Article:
I, Daniel Blake

This movie is a surprise. Daniel Blake is an older gentleman who cared for his sick wife until her death, who has now fallen on hard times himself after a heart attack leaves him unable to work. Well, unable to work according to his doctor and his surgeon and his physio team. Totally fit to work according to the government who would otherwise owe him some sort of compensation.

Blake (Dave Johns) was receiving benefits for disability until a “health professional” (read: NOT a doctor, NOT a nurse) deems him fit and yanks his benefits. He must now apply for unemployment benefits, while combing the streets for a job, which actual doctors have i__daniel_blake_-_still_5cautioned him not to take, on account of his bum heart and it possibly killing him. The bureaucracy gives him the runaround, of course, as he must learn to navigate computers and the internet and smart phones and this whole world of job searching that he’s never had use for in his entire life. The whole experience is degrading, dehumanizing. And yet the film never feels that way. The movie is filled with humanity – not just compassion but admiration. Dignity, even. It’s a much more heartening experience than you might deduce.

Of course Daniel isn’t alone in his plight. At one office or another he meets a single mother (Hayley Squires), struggling to support her two kids. With them we see Daniel’s tender side, his need to give what little he has to others. It’s enough to make you cry (which means it made me cry, good honest tears that the film earned without manipulation).

The characters are quite strongly drawn. Their ordeal feels all too real. It’s sad though. So sad. It’s just further reminder that the system is letting down too many people who truly need it. Though this film is British, it feels universal. The righteous anger is restrained just enough not to be alienating, but to bring everyone into the fold, to make us all feel the iniquity and yearn for justice. A must-see.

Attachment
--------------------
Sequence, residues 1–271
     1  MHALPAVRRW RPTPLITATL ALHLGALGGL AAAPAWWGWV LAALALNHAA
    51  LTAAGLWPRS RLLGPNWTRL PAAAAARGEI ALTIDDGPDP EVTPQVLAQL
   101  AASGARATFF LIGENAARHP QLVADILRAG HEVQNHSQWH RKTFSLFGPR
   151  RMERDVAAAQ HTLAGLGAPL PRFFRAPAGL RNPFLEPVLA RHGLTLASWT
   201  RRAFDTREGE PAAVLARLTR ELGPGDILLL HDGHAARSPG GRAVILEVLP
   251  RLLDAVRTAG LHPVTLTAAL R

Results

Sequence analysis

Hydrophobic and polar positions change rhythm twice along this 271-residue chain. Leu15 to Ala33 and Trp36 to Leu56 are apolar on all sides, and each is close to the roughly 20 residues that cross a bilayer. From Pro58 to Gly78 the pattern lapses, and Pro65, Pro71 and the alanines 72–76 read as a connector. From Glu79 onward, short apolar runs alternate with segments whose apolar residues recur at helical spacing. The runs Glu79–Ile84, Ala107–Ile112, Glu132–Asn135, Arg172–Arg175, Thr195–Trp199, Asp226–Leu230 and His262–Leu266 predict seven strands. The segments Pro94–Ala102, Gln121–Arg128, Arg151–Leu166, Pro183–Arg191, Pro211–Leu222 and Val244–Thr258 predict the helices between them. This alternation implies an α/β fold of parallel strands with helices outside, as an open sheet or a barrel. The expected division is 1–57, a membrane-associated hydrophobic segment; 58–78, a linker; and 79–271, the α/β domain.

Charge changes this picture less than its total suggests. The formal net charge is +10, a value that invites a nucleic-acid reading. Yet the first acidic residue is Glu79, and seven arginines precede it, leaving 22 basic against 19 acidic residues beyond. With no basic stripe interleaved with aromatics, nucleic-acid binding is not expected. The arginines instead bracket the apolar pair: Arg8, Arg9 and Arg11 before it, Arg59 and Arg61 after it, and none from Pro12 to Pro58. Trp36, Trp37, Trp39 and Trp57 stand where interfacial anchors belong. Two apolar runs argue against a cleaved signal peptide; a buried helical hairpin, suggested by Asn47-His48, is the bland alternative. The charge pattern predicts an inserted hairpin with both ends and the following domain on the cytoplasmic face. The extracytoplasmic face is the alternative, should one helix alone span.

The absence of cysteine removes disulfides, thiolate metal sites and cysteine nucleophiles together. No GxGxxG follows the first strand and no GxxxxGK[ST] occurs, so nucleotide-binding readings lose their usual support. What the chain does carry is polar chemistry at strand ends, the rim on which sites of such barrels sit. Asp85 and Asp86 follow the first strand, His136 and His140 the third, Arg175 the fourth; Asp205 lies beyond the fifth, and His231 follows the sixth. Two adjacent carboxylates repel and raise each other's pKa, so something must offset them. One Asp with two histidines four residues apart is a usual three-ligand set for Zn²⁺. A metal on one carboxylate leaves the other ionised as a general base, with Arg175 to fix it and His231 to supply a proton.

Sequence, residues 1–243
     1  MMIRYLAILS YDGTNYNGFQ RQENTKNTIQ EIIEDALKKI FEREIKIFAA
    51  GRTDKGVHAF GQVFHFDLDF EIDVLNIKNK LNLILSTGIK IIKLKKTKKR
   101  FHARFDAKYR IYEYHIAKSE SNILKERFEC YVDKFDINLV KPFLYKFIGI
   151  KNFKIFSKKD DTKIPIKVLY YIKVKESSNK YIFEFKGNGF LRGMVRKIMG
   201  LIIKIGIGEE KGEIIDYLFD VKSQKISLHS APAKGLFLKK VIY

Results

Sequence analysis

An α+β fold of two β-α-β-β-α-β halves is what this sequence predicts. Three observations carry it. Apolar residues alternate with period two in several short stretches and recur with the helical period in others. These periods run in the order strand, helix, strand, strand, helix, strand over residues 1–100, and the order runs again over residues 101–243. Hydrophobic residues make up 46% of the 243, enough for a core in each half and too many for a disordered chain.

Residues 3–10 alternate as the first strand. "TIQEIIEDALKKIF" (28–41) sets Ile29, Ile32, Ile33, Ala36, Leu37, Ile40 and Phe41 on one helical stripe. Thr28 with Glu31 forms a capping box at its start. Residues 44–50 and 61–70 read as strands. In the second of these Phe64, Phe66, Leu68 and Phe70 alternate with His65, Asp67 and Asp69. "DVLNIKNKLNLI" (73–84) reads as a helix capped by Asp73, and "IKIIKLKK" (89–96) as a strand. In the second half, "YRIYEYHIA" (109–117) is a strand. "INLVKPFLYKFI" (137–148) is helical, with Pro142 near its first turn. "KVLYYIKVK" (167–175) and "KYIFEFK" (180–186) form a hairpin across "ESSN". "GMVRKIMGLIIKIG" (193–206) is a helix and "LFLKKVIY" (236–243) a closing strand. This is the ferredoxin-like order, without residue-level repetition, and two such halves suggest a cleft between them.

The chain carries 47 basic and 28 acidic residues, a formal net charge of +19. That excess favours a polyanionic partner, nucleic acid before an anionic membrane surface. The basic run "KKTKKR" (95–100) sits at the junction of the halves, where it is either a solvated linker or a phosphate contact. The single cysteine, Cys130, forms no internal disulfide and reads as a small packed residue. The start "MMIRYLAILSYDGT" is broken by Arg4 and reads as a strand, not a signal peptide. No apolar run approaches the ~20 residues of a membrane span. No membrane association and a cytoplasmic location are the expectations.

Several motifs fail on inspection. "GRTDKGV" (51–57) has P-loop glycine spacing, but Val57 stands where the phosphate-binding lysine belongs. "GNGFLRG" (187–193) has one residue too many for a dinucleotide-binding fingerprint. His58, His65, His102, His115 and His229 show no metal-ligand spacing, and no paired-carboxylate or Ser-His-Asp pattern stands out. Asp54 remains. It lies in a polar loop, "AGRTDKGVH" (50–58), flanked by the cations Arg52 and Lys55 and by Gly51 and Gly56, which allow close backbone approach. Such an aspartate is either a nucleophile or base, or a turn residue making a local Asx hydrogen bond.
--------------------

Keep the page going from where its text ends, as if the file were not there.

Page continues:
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15 thoughts on “I, Daniel Blake

  1. fragglerocking

    This film is set in Newcastle, which you’ve seen many photo’s of in my blog! Needless to say the natives up here are not happy about being put on the map in a negative way, but to be honest the movie is true to what is happening to people here.

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    1. Jay Post author

      Well people should see the movie before they judge – it’s quite condemning of the government bureaucracy but many of the actual people are shown to be kind-hearted.

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    1. Jay Post author

      Yeah, I think it’s noticeable in this that…he’s in touch. I think a lot of directors lose touch with the ‘common’ people, but his anger here feels real and informed.

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  2. Paul. Writer, Blogger and Filmmaker

    Great review. Ken Loach is master storyteller for the under-class and underdog. I somehow missed this at the cinema so really looking forward to renting this one. The austerity the Conservative government brought in hit so many people unfairly and while banks and corporations get bailed out the individuals on the breadline are forced to suffer. Thankfully films like this point out the hypocrisy of the political and economic system.

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  3. J.

    If anyone was to tell this story, it was always likely to be Ken Loach. The Conservatives approach to austerity is killing people and the rags like the Daily Mail and the Sun demonise folk like Daniel Blake.

    Anyhoo, great review and it’s also great to see you cover this one!

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